Snowflake Reports Solid Q3 Growth, But Weakening Economy Dampens Regional, Industry Segment Sales

The data cloud service provider will continue hiring in the next fiscal year, albeit at a slower pace, with plans to onboard as many as 1,000 new employees, especially in sales and product engineering.


Snowflake is seeing a slowdown in some segments amidst the economic uncertainty, but the data cloud giant sees its rapid revenue growth – 67 percent in the just completed quarter – continuing in the current quarter and into the new year.

And at a time when some IT vendors are freezing hiring or cutting staff, Snowflake added 801 workers to its employ roster during the fiscal 2023 third quarter, ended Oct. 31, for a total employee headcount of 5,547.

And while slowing its rate of hiring, the company expects to hire as many as 1,000 additional employees – especially sales personnel – in its fiscal 2024 that begins Feb. 1, 2023, company executives said Wednesday on a call with financial analysts to discuss the fiscal Q3 results.

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“We are aware of the weakening macro economy. Customer behavior informs our outlook and investment approach. In Q3 we demonstrated our ability to execute through different economic environments,” CEO Frank Slootman (pictured) said on the call. Saying that Snowflake’s focus is on “balancing revenue growth with free cash flow generation,” the CEO described the company as “well positioned to drive efficient and durable growth.”

For the fiscal 2023 third quarter (ended Oct. 31, 2022) Snowflake reported total revenue of $557.0 million, up nearly 67 percent from $334.4 million in the same quarter one year earlier. The company reported a net loss of $200.9 million (63 cents per share) compared to a loss of $154.9 million (51 cents per share) one year ago.

Snowflake reported product revenue of $522.8 million in the quarter, representing 67 percent year-over-year growth. The company has 7,292 customers of which 287 have trailing 12-month product revenue greater than $1 million.

“While we acknowledge a weakening global macro context, we remain resilient in terms of our results. We believe this resilience reflects the importance of data strategy in modern enterprises and institutions,” Slootman said.

This year Snowflake has been expanding its offerings beyond its core data management, analysis and sharing services to include data applications, tools for application development, and packages of services targeting vertical industries such as healthcare and life sciences, financial services, retail and media.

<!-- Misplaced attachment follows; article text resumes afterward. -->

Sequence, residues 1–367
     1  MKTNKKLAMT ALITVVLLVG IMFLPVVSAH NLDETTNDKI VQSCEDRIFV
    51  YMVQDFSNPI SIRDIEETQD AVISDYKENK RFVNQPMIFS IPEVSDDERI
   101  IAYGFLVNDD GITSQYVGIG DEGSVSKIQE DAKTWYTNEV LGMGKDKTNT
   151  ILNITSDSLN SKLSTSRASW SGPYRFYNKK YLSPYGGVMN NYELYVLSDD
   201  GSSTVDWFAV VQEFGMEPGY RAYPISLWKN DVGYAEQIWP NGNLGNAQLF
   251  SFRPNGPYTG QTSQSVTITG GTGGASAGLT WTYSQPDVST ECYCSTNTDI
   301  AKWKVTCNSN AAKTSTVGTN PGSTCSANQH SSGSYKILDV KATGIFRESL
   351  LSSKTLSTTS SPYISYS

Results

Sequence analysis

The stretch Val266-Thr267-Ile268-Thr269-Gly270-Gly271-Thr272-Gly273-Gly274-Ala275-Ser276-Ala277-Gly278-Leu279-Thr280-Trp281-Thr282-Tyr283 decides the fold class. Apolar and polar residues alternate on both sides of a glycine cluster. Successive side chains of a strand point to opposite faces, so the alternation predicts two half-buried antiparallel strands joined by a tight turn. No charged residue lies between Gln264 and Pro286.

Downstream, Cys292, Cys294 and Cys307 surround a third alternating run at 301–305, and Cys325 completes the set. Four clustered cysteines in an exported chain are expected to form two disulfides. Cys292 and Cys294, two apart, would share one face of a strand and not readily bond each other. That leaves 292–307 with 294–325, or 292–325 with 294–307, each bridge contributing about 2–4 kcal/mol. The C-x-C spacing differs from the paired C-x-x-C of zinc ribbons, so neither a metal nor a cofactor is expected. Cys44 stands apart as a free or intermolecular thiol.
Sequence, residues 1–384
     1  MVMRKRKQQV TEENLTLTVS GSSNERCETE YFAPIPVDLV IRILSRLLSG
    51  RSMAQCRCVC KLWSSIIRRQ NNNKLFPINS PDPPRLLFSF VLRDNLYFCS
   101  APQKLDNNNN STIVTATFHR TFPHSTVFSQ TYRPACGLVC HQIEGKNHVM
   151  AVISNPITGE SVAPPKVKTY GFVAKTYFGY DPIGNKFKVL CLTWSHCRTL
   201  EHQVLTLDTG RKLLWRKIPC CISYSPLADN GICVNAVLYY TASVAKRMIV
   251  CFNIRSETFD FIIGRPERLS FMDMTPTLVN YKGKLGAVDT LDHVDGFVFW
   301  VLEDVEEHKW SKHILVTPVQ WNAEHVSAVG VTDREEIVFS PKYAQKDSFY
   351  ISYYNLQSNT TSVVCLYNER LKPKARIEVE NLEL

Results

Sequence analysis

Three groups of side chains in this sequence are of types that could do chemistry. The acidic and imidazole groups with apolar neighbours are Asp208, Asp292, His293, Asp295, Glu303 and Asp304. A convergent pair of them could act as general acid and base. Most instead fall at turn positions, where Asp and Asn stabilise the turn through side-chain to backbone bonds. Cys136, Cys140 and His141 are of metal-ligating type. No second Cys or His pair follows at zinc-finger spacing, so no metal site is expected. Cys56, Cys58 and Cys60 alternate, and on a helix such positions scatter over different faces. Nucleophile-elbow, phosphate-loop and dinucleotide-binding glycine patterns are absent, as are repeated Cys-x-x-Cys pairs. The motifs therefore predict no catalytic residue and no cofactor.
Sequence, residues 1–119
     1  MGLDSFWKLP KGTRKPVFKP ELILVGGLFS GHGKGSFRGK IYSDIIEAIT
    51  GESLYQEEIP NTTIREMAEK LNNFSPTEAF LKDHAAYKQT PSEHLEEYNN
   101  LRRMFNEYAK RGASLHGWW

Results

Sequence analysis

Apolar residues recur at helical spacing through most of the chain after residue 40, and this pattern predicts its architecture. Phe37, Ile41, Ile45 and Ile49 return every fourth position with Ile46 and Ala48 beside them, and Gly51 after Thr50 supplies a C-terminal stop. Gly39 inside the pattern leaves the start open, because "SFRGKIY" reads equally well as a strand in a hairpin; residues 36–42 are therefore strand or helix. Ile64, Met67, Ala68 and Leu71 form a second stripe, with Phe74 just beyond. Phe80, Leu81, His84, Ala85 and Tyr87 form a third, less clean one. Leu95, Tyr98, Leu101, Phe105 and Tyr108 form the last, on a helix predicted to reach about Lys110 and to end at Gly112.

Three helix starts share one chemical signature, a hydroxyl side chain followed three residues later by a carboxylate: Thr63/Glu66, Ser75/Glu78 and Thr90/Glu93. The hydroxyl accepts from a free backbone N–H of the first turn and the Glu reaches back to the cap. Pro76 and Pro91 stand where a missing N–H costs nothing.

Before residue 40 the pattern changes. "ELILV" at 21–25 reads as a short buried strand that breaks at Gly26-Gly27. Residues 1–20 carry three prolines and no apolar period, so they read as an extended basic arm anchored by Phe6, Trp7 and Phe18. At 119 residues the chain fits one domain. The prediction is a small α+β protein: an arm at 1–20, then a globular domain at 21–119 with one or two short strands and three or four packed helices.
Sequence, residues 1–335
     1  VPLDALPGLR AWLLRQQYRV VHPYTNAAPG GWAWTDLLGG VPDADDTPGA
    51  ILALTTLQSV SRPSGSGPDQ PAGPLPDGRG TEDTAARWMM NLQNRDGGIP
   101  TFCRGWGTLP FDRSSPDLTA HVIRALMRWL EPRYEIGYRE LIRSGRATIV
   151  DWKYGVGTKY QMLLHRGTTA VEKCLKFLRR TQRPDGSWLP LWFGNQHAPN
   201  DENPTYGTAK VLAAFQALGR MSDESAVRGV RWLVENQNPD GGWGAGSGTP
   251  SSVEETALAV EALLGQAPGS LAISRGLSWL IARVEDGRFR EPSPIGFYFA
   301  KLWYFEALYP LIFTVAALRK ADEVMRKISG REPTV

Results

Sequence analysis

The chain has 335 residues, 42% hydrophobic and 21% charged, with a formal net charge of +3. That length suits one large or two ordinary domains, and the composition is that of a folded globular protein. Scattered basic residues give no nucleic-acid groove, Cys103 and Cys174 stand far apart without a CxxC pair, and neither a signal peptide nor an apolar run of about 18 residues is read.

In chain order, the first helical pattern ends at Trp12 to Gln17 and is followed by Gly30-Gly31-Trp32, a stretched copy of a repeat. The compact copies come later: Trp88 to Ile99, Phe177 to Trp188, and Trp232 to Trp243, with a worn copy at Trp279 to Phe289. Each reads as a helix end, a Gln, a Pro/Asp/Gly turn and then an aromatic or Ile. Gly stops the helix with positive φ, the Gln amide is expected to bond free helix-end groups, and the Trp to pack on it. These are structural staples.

“Snowflake continues to deepen and strengthen its industry orientation. We expect to understand our customer challenges, solve their problems and speak their language,” the CEO said of the company’s expansion into new markets. “Our strategy is a global data sharing network coupled with unlimited workload enablement. Work needs to find its way to the data instead of the historical habit of moving data to the work.”

Snowflake continued to see strong demand for its data services in the financial services industry during the quarter while the technology segment “underperformed,” CFO Mike Scarpelli said on the call. He also cited reduced demand from several major customers, including “consumer Internet companies” that he did not name.

Regionally, business in North America and EMEA (Europe, Middle East and Africa) remained strong while the Asia-Pacific/Japan region showed signs of weakness, the CFO said. And sales to SMB customers, about 10 percent of Snowflake’s overall revenue, also slowed in the quarter.

So far Snowflake has increased its employee headcount by 1,500 this fiscal year. While the company’s plans are to slow its hiring pace in fiscal 2024, it still expects to hire as many as 1,000 net-new employees. “We view the current hiring market is favorable for Snowflake, and we‘ll continue to focus hiring in product engineering and sales,” Scarpelli said.

For the current (fourth) quarter of fiscal 2023, which ends Jan. 31, 2023, Snowflake is forecasting that product revenue will be in the range of $535 million to $540 million, up 49 to 50 percent year over year. For all of fiscal 2023 the company is forecasting product revenue growth of 68 to 69 percent to between $1.919 billion and $1.924 billion.

Snowflake stock closed trading Wednesday at $142.90, up $6.34 or 4.64 percent. But the share price dropped in after-hours trading by $7.65 or 5.35 percent as of 7 p.m. EST.